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How do I differentiate (2x+1) / (3x^2 - 5)?

This is a typical example where the quotient rule is required to answer the question. This is clear because the function is made up of two other functions of x, one is the numerator and the other is the denominator. Also, the function is not easily simplifiable.

Therefore, you must separate the functions into two new ones, let's call them function M and function N, where M is 2x+1 and N is 3x^2 - 5. We then differentiate each function as we would normally. M differentiates to give 2, and N gives 6x. We then plug these expressions into the quotient rule and simplify.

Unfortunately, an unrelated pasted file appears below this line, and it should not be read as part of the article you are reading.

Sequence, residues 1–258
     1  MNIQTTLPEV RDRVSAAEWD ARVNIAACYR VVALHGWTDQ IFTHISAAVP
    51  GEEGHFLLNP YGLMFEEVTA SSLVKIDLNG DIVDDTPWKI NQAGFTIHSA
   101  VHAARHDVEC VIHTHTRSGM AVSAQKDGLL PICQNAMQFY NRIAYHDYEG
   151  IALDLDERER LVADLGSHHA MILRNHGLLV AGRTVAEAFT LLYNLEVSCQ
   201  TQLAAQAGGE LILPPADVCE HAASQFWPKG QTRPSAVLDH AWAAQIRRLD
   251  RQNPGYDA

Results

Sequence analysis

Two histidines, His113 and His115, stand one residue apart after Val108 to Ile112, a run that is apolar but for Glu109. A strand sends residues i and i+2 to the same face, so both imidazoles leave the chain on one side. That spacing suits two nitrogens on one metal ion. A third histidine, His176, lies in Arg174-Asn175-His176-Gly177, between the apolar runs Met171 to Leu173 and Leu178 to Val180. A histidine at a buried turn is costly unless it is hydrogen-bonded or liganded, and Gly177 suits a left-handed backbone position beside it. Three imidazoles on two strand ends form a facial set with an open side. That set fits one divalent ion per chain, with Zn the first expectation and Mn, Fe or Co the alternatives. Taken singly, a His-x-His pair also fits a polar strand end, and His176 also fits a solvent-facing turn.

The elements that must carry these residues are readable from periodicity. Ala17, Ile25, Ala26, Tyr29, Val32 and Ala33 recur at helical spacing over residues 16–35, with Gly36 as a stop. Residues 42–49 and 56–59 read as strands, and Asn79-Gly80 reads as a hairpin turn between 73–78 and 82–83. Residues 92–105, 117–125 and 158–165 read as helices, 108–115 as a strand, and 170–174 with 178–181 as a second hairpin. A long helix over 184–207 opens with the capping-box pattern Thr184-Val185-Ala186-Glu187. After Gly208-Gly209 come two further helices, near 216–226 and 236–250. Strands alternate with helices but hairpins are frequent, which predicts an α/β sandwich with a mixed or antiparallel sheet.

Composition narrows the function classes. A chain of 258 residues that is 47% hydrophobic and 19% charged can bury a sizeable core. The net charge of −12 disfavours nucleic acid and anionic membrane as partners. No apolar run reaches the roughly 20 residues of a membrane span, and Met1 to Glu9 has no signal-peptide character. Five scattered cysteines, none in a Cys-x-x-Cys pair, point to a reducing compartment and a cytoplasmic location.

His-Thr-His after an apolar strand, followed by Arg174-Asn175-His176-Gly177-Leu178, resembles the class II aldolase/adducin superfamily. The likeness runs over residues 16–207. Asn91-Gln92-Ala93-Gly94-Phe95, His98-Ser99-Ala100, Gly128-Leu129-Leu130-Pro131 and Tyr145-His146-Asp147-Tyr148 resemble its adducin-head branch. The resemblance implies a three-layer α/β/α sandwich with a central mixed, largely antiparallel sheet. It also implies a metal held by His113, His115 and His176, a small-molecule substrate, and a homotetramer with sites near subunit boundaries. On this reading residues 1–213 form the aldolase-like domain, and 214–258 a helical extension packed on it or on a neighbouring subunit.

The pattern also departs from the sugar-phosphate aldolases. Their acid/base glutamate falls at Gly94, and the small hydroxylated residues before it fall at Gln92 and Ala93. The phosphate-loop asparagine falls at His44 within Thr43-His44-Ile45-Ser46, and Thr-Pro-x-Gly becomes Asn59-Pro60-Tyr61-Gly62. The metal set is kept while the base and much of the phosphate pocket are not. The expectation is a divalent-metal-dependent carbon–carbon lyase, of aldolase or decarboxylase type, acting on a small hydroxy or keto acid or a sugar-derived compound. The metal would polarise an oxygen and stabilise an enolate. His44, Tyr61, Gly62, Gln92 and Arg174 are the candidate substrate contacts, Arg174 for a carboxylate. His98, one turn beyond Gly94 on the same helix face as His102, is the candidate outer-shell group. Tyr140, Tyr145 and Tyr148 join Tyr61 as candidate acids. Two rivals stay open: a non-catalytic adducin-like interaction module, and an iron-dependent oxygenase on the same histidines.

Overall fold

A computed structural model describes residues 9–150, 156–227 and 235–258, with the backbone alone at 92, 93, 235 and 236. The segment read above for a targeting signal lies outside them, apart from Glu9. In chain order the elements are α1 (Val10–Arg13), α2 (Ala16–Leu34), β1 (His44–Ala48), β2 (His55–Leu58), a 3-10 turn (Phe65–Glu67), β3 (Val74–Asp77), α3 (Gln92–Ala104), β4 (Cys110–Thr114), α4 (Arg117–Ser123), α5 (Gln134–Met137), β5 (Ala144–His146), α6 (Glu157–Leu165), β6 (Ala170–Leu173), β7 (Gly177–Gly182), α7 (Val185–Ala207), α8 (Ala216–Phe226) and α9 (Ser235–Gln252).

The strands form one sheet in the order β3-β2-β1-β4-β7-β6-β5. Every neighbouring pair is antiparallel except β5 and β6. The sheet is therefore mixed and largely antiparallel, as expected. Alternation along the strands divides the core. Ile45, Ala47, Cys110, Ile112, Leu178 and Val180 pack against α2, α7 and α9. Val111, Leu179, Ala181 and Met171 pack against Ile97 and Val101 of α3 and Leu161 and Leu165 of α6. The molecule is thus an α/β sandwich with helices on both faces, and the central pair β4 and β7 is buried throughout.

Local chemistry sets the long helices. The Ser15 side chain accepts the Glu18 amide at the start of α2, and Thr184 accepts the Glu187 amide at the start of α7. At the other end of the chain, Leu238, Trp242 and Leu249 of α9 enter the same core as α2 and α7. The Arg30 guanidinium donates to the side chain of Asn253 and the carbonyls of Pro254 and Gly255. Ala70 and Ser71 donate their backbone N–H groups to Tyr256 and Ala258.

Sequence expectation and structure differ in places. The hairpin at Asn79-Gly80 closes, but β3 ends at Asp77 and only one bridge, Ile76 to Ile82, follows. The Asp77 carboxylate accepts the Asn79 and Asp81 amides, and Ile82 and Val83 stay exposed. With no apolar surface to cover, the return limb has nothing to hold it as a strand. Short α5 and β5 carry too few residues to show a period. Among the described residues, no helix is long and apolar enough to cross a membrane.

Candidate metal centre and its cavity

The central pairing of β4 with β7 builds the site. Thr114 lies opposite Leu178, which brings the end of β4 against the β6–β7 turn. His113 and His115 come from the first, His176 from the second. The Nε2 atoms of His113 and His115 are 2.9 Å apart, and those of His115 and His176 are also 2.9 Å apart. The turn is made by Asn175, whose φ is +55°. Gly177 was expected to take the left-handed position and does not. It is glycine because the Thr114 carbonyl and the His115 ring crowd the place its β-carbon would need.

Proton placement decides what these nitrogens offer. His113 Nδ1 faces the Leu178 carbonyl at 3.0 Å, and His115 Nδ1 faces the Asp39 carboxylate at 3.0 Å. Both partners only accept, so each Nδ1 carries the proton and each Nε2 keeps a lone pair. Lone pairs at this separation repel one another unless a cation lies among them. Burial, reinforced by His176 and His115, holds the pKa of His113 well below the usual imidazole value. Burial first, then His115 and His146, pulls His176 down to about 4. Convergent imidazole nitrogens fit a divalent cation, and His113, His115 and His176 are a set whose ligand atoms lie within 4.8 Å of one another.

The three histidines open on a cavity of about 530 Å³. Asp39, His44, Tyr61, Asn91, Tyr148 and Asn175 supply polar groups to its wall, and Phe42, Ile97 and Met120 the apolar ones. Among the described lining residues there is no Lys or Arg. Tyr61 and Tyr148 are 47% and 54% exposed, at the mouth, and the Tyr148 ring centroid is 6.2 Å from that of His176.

This should give (2(3x^2 - 5) - 6x(2x+1)) / (3x^2 - 5)^2, which simplifies to (-6x^2 -6x - 10) / (3x^2 - 5)^2. We can see that this expression cannot be simplified further because when we use the quadratic formula to factorise the numerator, the part inside the square root is negative, therefore we cannot simplify this expression and this is the final answer. 

Answered by Sophie T. Maths tutor

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Answered by Sophie T.
Maths tutor

327 Views

See similar Maths A Level tutors
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